El Cielo, Nerja, Andalucía, Southern Spain

El Cielo (or the sky) at 1508m  towers above the town of Nerja, making it easy to access and tempting to climb. This is actually higher than any mountain in the United Kingdom, making it a tough walk, 4 hours up and 4 hours back down if beginning from by the caves of Nerja. It starts on a dusty track, but the walk improves and the views from the top are stupendous, with the coast of Morocco sometimes visible.

We were staying for a week in Apartment Casanova, Nerja, where we have stayed many times before. It is definitely worthwhile staying in Nerja for at least a few days. There are many walks in the vicinity, as well as fantastic beaches and restaurants. Transport links are good, with a regular bus service to Nerja from both Malaga and Granada. Fifteen friends from Manchester were staying at various apartments in Nerja.

We all caught the 8.45am bus from the bus stop in Nerja, in the direction of Almeria, alighting 15 minutes later at the Nerja Caves, where there are free toilets. It was a beautiful sunny day, and everyone was up for the challenge. There is a notice board with various walks on it, including ours - The Sendero del Pico del Cielo, helpful as this walk is not in any book we have found.  We set out following the track that leads from the parking area, passing through the barrier up the valley. In the summer this track is fairly busy with cars driving the couple of miles up to the picnic site. However, in winter when we were there, a locked barrier was down preventing private cars from entering the area. The only vehicles we saw were a lorry coming from the quarry at the top of the track, and much later road-building vehicles. If the barrier was open you could drive a couple of miles, and skip the first section of the walk.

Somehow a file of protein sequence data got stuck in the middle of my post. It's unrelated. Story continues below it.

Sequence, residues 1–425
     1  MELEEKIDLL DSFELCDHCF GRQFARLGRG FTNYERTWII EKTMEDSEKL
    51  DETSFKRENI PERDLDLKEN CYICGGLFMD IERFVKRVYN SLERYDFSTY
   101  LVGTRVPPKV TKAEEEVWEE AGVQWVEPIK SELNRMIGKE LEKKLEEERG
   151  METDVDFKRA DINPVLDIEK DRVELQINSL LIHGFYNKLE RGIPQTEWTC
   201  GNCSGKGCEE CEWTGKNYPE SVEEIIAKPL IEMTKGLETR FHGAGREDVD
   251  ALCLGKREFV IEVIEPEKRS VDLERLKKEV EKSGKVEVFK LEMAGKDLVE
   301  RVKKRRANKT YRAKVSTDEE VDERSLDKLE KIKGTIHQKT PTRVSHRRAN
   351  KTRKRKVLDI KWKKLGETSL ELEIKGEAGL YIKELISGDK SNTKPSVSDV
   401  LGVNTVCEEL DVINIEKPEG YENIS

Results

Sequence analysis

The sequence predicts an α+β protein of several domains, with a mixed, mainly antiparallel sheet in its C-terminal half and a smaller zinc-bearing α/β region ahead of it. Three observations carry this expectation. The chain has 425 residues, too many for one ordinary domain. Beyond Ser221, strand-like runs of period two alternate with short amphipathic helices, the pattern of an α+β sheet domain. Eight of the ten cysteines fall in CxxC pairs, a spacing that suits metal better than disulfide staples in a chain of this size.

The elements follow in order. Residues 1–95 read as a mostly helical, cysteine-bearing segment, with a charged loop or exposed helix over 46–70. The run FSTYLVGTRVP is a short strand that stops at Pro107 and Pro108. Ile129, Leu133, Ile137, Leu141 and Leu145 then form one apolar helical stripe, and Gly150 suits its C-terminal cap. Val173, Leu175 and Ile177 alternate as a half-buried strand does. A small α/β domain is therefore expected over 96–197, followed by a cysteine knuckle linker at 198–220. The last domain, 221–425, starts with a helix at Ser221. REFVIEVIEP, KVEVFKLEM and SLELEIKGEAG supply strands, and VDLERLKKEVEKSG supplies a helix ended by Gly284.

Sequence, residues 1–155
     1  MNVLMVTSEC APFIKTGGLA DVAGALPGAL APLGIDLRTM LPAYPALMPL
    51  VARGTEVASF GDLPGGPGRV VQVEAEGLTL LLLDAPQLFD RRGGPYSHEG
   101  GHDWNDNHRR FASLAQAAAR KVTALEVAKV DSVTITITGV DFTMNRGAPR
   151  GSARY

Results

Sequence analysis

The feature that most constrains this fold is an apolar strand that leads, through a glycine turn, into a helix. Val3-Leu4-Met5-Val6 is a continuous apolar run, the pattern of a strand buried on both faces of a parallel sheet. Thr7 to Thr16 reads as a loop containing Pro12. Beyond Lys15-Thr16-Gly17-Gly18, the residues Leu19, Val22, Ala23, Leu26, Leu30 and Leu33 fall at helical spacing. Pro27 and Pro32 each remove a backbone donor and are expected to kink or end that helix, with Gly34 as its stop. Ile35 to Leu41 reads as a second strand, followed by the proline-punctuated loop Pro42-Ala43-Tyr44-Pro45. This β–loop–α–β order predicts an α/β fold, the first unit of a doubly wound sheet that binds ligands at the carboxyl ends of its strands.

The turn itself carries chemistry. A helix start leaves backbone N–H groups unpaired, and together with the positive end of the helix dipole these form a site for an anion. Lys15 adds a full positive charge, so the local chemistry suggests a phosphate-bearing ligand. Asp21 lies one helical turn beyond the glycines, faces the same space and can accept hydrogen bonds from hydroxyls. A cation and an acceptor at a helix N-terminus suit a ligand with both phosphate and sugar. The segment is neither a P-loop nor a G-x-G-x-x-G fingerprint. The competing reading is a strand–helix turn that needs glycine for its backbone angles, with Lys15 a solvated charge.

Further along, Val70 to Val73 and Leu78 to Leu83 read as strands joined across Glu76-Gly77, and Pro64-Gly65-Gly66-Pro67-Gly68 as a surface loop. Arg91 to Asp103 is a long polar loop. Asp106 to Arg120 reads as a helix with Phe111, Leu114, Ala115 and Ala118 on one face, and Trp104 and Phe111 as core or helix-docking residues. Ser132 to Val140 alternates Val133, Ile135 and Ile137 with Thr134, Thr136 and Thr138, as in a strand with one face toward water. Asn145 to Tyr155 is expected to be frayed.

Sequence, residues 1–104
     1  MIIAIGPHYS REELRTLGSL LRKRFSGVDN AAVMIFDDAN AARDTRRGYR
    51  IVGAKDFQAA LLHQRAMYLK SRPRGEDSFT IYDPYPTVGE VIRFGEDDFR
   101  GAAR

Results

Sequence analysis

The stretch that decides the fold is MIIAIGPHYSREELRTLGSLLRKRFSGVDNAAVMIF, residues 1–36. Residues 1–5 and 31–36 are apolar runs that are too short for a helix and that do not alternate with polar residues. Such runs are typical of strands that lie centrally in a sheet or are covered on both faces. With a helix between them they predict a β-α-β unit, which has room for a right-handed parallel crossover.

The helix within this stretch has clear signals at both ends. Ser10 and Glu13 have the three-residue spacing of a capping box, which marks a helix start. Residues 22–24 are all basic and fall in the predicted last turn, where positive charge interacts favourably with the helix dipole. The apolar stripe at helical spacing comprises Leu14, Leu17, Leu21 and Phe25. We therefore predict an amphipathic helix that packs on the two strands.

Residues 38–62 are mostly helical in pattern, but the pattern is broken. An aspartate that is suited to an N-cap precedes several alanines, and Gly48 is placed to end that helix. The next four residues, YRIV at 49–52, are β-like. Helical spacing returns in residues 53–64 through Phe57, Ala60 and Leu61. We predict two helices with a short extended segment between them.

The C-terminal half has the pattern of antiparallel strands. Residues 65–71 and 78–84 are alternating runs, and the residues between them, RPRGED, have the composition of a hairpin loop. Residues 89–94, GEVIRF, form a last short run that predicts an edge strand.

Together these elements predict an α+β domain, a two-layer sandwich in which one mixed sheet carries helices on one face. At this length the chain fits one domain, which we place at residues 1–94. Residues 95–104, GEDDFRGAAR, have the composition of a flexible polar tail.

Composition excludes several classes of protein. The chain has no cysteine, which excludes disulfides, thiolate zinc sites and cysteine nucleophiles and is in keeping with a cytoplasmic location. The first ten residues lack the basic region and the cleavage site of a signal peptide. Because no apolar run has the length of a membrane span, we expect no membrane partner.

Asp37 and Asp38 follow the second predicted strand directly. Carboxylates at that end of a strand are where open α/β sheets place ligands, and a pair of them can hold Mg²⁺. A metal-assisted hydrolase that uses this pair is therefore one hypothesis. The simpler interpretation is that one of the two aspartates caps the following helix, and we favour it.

After walking up the road for about 45 minutes we turned right at a sign which says Sendero, the sign to the left saying picnic area. The initial road was dusty and going slightly uphill. At this point the new road becomes steeper. Either the road can be followed or there are sections of path through the pretty pine forest to cut off the hairpin bends. After walking for 2 hours non-stop uphill, the road ends at an unfinished building. There are fantastic views up the coast to the plastic greenhouses in the east, views over Nerja and towards Malaga.

The path now carries on over stony ground between some clumps of trees, where we stopped to rest in the shade. It was sunny but fairly windy, with fantastic views. We did give our friends the option just to stay here and we would pick them up on the way back. Very commendably they all continued, Nick said he had not come this far to give up now. The path had been fairly easy to follow, but half an hour before the summit the path gets a lot steeper, and hard to follow, unless you can find the green arrows and blue spots. Take it easy, some scrambling may be required, to the right the summit can be seen.

The cross on the top can be seen from quite a distance, but it is fantastic to finally arrive. It was very windy at the top, even with beautiful blue skies, fortunately there is a shelter where we sat to eat our lunch. Spike played the Carpenters' song " Top of the World" on his phone, which was very apt. The view is just fantastic, especially the day we went, with views of the whole of the Costa del Sol between Almunecar and Malaga and many mountains in the distance